The National:

BORIS Johnson provoked derision as he laughed in the face of a Scottish journalist whilst stating that the UK’s progress towards cleaner energy was "thanks" to Margaret Thatcher closing coal mines.

Green, Labour and SNP politicians were united in condemning the Prime Ministers ghoulish sentiments. Johnson’s remarks brought the class and national tensions of the 1980s back to life and vividly animated the political gulf between Scottish and English electoral preferences.

The Prime Minister’s guffawing demeanour makes it tempting to understand his comments as a cruel joke. That is no doubt how they will be felt in towns and villages of the former coalfields that are still suffering from the impact of rapid colliery closures during the 1980s and 1990s.

The National:

Accelerated deindustrialization contributed to mass unemployment, rising health inequalities and lower levels of economic activity, which have been transmitted across generations. The grandchildren of former miners are now facing them.

Former miners who were criminalised for defending their workplaces and communities during the great strike of 1984-5 fought a decades-long campaign for a pardon which was finally victorious following the recommendations of a Scottish Government Independent Review last year. The contention that Thatcher closed their pits in the name of justice will ring especially hollow to the miners who lost their jobs.

READ MORE: To Boris Johnson, coal mine closures aren't just a joke. They're his blueprint

Some were subsequently blacklisted from potentially lucrative industrial work that used their mining skills because they had played an active role in the struggle to keep their jobs.

As part of the Independent Review, witness sessions were held across the former coalfields where former miners gave testimony. I attended one such meeting in Moodiesburn, North Lanarkshire, where vivid memories of injustice and arrest, as well as the long-term effects of pit closures and demoralisation were communicated.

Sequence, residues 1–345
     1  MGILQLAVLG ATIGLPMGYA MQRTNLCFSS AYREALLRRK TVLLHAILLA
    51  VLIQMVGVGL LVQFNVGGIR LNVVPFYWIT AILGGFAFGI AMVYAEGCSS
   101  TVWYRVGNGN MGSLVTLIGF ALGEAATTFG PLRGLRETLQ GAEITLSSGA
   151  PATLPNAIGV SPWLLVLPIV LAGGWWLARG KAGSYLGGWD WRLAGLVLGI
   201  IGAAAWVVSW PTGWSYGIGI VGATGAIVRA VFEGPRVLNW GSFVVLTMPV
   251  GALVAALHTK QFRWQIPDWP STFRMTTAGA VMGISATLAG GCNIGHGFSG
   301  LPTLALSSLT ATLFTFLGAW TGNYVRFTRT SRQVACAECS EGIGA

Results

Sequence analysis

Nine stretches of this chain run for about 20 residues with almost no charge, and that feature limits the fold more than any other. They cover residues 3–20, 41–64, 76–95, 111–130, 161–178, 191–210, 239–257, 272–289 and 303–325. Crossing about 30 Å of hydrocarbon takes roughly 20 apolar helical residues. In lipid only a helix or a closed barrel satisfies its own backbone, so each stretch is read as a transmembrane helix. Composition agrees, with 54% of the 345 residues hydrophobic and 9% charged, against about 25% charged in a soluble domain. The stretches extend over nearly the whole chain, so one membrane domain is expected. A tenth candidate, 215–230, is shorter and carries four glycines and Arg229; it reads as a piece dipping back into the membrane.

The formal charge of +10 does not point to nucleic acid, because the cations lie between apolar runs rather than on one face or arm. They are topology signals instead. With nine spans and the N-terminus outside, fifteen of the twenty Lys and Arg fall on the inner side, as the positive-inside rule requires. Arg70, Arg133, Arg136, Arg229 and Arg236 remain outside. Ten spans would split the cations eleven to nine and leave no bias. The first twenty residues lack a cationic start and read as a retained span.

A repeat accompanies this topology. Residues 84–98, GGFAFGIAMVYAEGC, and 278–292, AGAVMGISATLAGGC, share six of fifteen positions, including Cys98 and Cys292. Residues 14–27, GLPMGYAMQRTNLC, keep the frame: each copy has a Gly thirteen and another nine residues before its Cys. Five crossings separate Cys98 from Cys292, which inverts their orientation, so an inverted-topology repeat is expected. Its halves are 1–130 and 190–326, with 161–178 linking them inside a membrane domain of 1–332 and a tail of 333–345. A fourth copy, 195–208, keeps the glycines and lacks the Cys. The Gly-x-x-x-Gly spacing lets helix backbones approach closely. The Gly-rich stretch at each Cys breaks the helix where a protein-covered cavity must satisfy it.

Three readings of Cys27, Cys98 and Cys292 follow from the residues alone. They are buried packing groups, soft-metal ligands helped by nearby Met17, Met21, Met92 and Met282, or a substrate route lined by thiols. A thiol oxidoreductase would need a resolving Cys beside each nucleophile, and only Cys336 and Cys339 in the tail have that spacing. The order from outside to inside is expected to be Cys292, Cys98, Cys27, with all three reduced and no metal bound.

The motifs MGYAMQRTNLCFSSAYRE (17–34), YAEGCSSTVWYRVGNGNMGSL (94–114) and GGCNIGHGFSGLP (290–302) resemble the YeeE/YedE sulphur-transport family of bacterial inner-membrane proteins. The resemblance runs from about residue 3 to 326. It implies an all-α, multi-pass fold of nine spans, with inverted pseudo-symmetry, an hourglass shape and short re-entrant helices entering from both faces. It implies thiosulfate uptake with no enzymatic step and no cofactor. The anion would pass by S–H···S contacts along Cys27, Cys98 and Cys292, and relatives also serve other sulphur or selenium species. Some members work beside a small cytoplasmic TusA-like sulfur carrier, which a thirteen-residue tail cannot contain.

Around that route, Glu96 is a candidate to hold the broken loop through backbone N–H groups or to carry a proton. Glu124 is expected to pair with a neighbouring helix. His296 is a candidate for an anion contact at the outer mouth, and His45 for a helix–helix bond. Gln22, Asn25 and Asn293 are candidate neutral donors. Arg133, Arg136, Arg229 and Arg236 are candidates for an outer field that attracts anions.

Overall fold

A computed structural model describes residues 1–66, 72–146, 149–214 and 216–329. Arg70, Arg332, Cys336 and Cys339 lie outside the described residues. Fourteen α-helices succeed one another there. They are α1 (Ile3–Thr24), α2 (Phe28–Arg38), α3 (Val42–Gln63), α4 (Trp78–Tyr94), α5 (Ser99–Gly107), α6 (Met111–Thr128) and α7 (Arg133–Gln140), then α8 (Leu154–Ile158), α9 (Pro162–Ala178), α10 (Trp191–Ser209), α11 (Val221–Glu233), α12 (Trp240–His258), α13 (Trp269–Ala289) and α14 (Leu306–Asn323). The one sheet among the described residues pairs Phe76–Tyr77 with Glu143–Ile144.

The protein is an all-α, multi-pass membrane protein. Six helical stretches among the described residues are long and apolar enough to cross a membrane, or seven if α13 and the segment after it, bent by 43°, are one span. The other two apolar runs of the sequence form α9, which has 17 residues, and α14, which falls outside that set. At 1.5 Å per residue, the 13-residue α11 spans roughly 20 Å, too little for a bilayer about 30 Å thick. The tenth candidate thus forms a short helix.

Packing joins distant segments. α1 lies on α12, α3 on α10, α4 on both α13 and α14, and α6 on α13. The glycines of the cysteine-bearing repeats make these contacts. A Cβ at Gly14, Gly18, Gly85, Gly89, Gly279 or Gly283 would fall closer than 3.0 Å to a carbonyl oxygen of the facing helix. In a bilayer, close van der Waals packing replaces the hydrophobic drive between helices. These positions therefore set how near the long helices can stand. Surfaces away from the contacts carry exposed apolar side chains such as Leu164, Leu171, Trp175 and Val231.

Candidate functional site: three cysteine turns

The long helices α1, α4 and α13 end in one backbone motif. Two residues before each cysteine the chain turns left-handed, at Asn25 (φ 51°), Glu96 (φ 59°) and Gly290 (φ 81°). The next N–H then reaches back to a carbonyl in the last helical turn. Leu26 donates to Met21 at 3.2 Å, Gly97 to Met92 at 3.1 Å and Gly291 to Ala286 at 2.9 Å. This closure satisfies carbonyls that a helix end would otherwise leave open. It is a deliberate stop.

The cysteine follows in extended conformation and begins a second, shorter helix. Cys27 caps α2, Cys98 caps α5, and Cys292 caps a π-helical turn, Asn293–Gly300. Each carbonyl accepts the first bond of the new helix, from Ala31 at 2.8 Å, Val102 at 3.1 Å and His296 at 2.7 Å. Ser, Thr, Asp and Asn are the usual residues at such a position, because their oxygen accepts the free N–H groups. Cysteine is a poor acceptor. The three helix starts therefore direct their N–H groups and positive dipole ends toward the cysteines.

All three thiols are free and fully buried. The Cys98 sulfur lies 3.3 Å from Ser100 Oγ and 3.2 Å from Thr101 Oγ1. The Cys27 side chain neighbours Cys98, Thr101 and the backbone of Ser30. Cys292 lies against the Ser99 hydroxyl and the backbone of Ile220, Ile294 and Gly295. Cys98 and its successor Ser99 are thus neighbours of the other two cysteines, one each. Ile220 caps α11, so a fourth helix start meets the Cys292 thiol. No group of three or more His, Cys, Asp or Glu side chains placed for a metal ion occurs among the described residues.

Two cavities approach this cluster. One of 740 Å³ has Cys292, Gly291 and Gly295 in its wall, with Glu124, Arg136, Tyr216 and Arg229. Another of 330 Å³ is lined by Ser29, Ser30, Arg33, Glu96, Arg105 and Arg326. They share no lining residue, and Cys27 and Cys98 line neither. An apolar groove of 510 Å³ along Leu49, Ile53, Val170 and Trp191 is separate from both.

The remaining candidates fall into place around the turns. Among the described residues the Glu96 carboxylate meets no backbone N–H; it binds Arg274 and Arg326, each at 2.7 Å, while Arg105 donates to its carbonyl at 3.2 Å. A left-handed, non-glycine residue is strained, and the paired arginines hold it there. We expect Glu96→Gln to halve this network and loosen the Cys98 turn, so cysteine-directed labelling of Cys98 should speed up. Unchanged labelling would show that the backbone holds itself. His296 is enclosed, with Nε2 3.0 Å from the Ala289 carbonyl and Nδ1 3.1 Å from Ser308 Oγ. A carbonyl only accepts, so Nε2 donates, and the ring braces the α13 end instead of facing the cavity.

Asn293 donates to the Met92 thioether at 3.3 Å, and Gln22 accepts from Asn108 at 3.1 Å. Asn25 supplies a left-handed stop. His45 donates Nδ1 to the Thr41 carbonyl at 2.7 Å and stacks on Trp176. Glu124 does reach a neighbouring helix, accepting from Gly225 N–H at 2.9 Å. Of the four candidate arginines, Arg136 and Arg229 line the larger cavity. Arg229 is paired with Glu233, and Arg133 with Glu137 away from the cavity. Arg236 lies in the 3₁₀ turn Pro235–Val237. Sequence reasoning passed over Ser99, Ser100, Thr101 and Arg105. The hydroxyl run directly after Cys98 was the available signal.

Over the course of oral history interviews I recorded during my research, the cost of 1980s colliery and factory closures were recalled in terms of substance abuse problems, cultural diminishment and early graves.

The National: Hard life: Miners at the Barrow Colliery, near Barnsley, around 100 years ago SUBMITTED colliery-dec-29

Johnson would posit that these were unfortunate but necessary changes, and that we could not have a coal mining industry in an era of clean energy. However, his smug one-liner about Thatcher fatally misunderstands recent history.

Thatcher’s government was content to import tens of millions of tonnes of coal as well as to burn large volumes of coal mined through destructive opencast methods in Britain. It has only been over the last decade that coal has finally fallen out of favour in UK electricity generation, as was symbolised in the Scottish context by the closure of Longannet power station in Fife during 2016.

READ MORE: Boris Johnson refuses to apologise for Margaret Thatcher and coal mines comment

When miners struck in 1984-5, they did so to protect the economic welfare of future generations and to defend collieries that they understood to be important public assets which were threatened by a reckless government. Older, less economic pits had closed in large number before the 1980s. The mining workforce halved over the course of the 1960s.

These closures though were organised on the basis of what historians Andrew Perchard and Jim Phillips term a moral economy. In my book, Coal Country: The Meaning and Memory of Deindustrialization in Postwar Scotland, I detail how the nationalised industry carefully organised closures before 1979 by consulting trade unions, providing appropriate alternative employment and making accommodations for disabled and elderly men.

Johnson appeared to see no contraction in commending Thatcher’s closure of coal mines on the same day he defended awarding contracts for the Cambo oilfield to the west of Shetland. He also conveniently forgot to mention that Thatcher’s government cut funding for an innovative renewables research programme in the late 1980s, costing the UK leadership in a technological field in which it now struggles to compete.

The Scottish Tories will be frustrated by Johnson’s celebration of one-sided class warfare after they spent the last week claiming to be the only party that cares for oil communities in the North East.

We should be under no illusion about Tory pretences towards the environment or industrial workers.

Dr Ewan Gibbs is a lecturer in global inequalities at the University of Glasgow. His book, Coal Country: The Meaning and Memory of Deindustrialization in Postwar Scotland, can be downloaded in PDF form for free or purchased in physical copy here.